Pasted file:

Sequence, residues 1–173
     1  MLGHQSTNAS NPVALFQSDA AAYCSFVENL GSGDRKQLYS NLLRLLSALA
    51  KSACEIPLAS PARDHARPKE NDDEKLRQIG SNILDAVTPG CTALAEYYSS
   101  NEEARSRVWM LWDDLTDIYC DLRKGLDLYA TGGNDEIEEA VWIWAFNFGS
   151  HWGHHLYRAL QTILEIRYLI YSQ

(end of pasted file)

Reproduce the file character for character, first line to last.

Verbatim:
Sequence, residues 1–173
     1  MLGHQSTNAS NPVALFQSDA AAYCSFVENL GSGDRKQLYS NLLRLLSALA
    51  KSACEIPLAS PARDHARPKE NDDEKLRQIG SNILDAVTPG CTALAEYYSS
   101  NEEARSRVWM LWDDLTDIYC DLRKGLDLYA TGGNDEIEEA VWIWAFNFGS
   151  HWGHHLYRAL QTILEIRYLI YSQ